Sure, maybe it looks really nice and has lots of cool animations and scroll effects (that distract the user and stoke the design team's ego). Or maybe it looks like it was designed by Dr. Frankenstein, with new features tacked on by different people over the years and you're thinking about spending a big chunk of cash to do a full redesign.
Either way, it's filled with bland, generic, corporate boilerplate copy, it's confusing for your customers, and it has bugs you don't even know about. And most importantly: it's not performing as well as it should.
On some level, you already know the answer to this question. You've been in the meetings where new features are designed by committee, the HiPPO says "just get it on the website", the web design agency is told to make it "pop". And then everyone pretends to be happy with the result because they don't know how to articulate what is wrong with it, and it looks close enough to what the competition is doing.
By the way, I'll let you in on a little secret: 99% of those web design agencies have never had to put their ideas to the test in the wild. Their metric for success is the client agreeing that the site looks nice and paying the hefty bill.
Translation: the face of your business, one of the most important investments you'll make, is being driven by ego and opinion instead of data.
You could shell out $50k+ for one of the few design agencies that understands UX and conversion principles and actually does some research before digging in. Maybe you'll even find one who will do usability testing of their designs before launching. But there are two problems with this approach:
It's incredibly risky. You're spending a lot of money up front without really knowing that the end result is going to perform better than what you currently have. Typically the result will look nicer but perform worse.
After you launch the new shiny website, the same underlying factors that led to your website being terrible in the first place will still be there.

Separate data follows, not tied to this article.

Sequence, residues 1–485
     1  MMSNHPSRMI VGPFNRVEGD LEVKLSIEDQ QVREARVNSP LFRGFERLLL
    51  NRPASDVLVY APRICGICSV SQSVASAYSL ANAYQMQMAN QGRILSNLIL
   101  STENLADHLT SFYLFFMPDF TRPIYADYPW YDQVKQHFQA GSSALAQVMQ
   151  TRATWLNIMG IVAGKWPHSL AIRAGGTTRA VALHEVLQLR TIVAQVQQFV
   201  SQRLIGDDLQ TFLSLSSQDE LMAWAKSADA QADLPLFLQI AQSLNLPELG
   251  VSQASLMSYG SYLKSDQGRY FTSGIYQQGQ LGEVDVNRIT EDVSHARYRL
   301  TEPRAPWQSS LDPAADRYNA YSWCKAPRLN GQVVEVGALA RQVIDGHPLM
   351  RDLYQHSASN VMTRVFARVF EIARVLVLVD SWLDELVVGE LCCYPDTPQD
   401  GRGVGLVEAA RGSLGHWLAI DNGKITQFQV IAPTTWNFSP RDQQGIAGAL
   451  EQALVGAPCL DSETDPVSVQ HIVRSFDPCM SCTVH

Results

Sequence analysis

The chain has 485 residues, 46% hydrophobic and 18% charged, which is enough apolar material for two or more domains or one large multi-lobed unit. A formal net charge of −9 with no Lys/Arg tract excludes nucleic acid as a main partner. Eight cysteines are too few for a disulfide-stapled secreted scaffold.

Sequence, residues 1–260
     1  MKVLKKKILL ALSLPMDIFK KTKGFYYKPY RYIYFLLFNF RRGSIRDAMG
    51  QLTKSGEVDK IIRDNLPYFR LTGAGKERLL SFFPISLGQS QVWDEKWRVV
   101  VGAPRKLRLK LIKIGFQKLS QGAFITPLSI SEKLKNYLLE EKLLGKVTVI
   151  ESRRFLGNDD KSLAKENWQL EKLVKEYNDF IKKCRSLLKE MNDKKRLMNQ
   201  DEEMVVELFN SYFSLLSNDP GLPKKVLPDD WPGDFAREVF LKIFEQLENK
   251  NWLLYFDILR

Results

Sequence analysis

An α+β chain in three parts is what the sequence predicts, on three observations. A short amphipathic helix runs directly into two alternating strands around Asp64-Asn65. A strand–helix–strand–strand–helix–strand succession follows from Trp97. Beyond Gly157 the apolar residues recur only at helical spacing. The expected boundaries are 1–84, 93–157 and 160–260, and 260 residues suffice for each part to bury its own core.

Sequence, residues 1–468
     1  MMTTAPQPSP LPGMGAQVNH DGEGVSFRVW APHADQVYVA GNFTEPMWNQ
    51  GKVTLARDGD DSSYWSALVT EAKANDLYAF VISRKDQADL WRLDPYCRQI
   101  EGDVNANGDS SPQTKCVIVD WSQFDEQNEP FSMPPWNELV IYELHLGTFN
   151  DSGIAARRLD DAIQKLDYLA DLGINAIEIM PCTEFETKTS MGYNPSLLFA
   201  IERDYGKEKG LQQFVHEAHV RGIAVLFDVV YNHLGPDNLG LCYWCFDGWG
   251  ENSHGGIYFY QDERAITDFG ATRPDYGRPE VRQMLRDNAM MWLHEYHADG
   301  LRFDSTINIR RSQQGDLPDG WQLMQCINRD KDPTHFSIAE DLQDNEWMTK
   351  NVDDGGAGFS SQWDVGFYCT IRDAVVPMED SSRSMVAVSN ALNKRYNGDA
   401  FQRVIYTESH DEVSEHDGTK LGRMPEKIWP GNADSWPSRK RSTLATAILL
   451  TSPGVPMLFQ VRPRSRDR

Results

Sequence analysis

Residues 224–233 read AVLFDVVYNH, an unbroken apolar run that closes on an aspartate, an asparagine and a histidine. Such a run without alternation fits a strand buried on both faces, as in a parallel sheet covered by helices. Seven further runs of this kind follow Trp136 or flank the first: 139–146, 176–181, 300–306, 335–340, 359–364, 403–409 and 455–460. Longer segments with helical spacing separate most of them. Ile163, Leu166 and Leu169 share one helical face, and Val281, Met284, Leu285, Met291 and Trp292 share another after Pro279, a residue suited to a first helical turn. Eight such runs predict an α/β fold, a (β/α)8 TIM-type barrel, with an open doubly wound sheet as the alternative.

And again, on some level, you know what needs to be done. You've seen buzzwords like "data driven", "customer centricity" and "culture of experimentation" floating around. They're easy to say but difficult to achieve. When you start on this path, you're going to meet resistance from the egos and opinions that have been running the show. They will see the introduction of evidence-based decision making as a threat to their comfy existence. But you can't afford to let them be in charge anymore.
The competitors that are leaving you in the dust are already investing in tools and processes and building internal culture based on:
being obsessive about looking at things from the customer's point of view, and
letting the data guide their decisions and validate or disprove their ideas.
There are a lot of consultants and agencies that specialize in CRO (and related activities), but there are some things to look out for:
A lot of them prefer to just audit your site, give you a list of suggestions and then be on their way, leaving you to figure out how to actually implement them. And the source of those suggestions will often be "trust me bro".
A lot of the ones that offer ongoing optimization will jump right into running tests based on best practices without making sure that the data is reliable or doing comprehensive multi-method conversion research.
The ones that offer performance-based pricing have an incentive to focus too much on the short-term shallow funnel metrics that will get them a big paycheck, at the expense of the long-term growth of your business.
The bigger agencies have become victims of their own success. Their growth has necessitated shifting to a more corporate model and they have abandoned what made them successful in the first place. After the sales call, you'll be handed off to a team of junior people with over-sized job titles just going through the motions and following flowcharts in an overly corporate, process-driven way with little imagination or desire to deviate from their script. These cookie-cutter services also come with a huge price tag, since the agencies are coasting on the reputation and brand awareness that they built up back when they actually cared, and are now moving up-market to focus on enterprise-level companies with big marketing budgets.
What you should look for is someone who can embed themselves into your team and put in the effort to develop a deep understanding of your customers and your business. Someone who has the skills and adaptability that the big agencies used to have. Someone who can put as much focus on upskilling your team and building your internal processes as they put on filling the gaps and doing the work for you. Someone who is willing to be the bad cop when needed and push back against the opinions and egos that got you into this mess.
Drop us a line and find out if we are that someone.
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